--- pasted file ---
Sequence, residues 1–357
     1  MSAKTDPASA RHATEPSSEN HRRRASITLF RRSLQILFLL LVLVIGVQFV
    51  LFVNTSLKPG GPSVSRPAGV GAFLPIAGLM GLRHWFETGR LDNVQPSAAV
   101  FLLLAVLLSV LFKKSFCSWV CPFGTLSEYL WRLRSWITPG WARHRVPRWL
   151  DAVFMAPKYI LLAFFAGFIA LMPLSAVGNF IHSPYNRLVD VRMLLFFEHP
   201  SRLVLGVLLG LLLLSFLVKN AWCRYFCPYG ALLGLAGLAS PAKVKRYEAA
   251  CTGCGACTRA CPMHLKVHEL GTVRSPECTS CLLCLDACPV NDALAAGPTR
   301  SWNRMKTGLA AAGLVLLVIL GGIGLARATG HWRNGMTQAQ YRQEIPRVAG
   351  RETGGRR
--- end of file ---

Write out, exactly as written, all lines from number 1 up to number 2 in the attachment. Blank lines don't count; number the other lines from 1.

Sequence, residues 1–357
     1  MSAKTDPASA RHATEPSSEN HRRRASITLF RRSLQILFLL LVLVIGVQFV